Such criminal connoisseurs are stock figures in fiction. Jules Verne's Captain Nemo filled his submarine with wondrous stolen pictures. James Bond, while stalking Dr. No on film, stopped to gape in wonder at Goya's "Duke of Wellington" -- which had vanished, in the real world, from London's National Gallery in 1961. In "The Eiger Sanction," Clint Eastwood, the assassin, stocked his hideaway with Pissarros. Because posters from museums are easily obtained set-designers' props, television cop shows often show us masterworks displayed in gilded frames in the mafiosi's lairs.
The legend of the crooked connoisseur has been setting spines atingle for most of the past century. His existence, like that of the Loch Ness monster, is not easily disproved, but no one's caught him yet. FBI agent J. Martial Ribichaud, a specialist in art theft, has said "of course, I've heard such stories. And that's what they are, stories. There is nothing in our files to indicate that such a collector with a private museum has ever been apprehended. It's fiction. It's romance."
There are three possible motives for a theft as chilling as that of the Gardner's priceless Vermeer. The first, and most likely, is to hold the work for ransom with the expectation that the museum's champions will eventually agree to pay. The second possible motive is for anticipated resale, though, if history is any guide, a multimillion-dollar price for that Vermeer, or even a multi-thousand dollar price, is exceedingly unlikely, for who would buy a picture that they could never show? The third is publicity.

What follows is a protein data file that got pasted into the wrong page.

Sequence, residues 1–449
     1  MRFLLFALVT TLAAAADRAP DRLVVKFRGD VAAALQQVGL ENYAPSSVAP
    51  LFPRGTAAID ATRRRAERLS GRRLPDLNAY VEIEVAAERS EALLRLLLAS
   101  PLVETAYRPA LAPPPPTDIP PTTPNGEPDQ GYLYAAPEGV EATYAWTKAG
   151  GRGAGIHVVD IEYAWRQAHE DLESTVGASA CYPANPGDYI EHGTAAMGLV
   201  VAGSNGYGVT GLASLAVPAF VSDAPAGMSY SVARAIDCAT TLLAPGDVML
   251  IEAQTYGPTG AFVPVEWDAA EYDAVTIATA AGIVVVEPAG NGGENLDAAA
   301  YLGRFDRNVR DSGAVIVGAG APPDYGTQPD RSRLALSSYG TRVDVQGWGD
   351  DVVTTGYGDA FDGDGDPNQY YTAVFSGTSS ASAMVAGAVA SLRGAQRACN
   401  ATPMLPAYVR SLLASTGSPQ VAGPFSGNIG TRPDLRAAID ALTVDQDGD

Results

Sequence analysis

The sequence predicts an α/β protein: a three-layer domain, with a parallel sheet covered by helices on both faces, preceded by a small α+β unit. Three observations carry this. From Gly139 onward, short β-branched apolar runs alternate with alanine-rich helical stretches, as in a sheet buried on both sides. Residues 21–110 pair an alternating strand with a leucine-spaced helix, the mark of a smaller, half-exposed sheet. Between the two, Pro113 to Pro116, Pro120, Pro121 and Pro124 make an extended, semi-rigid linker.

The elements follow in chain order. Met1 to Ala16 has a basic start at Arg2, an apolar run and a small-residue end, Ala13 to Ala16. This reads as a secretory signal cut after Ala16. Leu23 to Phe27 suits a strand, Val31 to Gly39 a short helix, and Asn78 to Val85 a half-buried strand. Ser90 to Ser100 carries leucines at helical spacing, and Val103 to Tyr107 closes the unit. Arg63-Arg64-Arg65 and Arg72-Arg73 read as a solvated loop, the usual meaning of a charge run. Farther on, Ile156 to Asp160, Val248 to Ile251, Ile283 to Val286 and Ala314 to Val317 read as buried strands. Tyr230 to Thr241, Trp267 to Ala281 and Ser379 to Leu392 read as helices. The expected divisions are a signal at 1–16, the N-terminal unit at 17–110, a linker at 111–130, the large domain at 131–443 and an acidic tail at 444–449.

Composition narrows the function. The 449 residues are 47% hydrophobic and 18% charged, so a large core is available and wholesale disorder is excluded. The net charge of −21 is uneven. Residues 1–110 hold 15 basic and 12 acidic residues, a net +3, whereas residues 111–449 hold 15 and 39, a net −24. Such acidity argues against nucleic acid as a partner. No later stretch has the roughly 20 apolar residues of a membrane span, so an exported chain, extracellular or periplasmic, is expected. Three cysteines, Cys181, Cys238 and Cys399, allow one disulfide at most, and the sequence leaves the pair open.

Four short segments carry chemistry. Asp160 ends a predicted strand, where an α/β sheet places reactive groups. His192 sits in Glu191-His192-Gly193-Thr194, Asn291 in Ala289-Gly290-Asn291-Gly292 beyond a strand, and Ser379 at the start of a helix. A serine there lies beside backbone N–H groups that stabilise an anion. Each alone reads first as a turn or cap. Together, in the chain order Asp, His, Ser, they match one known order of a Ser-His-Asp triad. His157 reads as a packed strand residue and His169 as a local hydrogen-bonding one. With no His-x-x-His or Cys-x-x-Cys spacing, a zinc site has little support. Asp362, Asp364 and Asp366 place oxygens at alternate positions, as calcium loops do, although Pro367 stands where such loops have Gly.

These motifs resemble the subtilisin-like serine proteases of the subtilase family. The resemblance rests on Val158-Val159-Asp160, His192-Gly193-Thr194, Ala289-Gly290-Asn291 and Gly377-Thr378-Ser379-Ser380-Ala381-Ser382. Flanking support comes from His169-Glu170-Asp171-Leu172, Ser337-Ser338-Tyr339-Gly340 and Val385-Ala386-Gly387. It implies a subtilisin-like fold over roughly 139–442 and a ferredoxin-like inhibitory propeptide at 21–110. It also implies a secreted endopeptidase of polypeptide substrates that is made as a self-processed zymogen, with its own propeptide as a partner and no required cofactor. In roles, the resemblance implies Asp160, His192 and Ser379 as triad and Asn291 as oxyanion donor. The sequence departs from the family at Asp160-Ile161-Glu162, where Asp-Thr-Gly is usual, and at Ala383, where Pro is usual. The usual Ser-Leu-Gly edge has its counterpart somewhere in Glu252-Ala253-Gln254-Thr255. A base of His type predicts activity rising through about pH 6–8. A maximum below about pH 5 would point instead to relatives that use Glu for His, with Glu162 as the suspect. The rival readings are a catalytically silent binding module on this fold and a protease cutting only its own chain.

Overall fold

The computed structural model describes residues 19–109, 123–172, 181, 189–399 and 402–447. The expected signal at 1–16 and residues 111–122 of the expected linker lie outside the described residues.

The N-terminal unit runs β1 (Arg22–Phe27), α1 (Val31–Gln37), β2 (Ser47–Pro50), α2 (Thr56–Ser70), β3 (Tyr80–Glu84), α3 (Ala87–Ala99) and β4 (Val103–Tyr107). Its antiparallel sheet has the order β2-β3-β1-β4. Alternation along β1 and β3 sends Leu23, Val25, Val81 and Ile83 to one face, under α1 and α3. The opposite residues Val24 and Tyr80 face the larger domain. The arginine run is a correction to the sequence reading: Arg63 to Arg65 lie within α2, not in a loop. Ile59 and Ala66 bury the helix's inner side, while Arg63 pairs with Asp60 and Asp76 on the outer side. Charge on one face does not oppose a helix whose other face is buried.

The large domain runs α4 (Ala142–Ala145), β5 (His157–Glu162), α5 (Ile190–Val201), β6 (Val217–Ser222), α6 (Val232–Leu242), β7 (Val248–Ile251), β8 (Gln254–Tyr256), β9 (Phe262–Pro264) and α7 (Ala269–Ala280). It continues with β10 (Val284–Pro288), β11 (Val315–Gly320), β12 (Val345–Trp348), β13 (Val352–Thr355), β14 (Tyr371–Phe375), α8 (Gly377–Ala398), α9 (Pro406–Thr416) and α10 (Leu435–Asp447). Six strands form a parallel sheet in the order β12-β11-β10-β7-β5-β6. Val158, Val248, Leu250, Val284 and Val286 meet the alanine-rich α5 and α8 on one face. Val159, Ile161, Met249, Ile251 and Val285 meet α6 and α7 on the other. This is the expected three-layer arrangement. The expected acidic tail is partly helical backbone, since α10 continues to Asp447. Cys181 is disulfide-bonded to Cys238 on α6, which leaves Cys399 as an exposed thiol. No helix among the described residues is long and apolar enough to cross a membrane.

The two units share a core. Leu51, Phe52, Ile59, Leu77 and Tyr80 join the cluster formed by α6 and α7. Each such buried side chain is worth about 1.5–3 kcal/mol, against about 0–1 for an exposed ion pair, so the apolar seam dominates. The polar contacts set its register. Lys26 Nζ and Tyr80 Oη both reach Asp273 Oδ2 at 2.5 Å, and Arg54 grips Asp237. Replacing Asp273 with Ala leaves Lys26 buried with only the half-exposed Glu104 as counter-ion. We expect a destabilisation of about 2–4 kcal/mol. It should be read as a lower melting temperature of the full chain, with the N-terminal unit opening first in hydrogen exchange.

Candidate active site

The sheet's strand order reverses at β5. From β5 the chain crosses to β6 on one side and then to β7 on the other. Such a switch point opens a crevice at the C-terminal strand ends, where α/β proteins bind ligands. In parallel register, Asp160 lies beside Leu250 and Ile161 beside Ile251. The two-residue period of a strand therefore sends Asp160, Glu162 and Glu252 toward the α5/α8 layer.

Goya's "Duke of Wellington" was stolen not by Dr. No, nor by his mean minions. It was taken by one Kempton Bunton, who'd seized it to protest the British government's refusal to exempt old-age pensioners from television-set license fees. The thief who stole a panel, not yet recovered, from Jan van Eyck's Ghent Alterpiece in 1934 left behind a note protesting the Treaty of Versailles. In Ireland, in 1974, when operatives of the IRA stole 19 precious pictures, among them a Vermeer, from Sir Alfred Beit, one of them exclaimed "capitalist pigs! You're walking on the working class" as he pistol whipped the collector. Though the Beit Vermeer was soon recovered, it has since been stolen once again.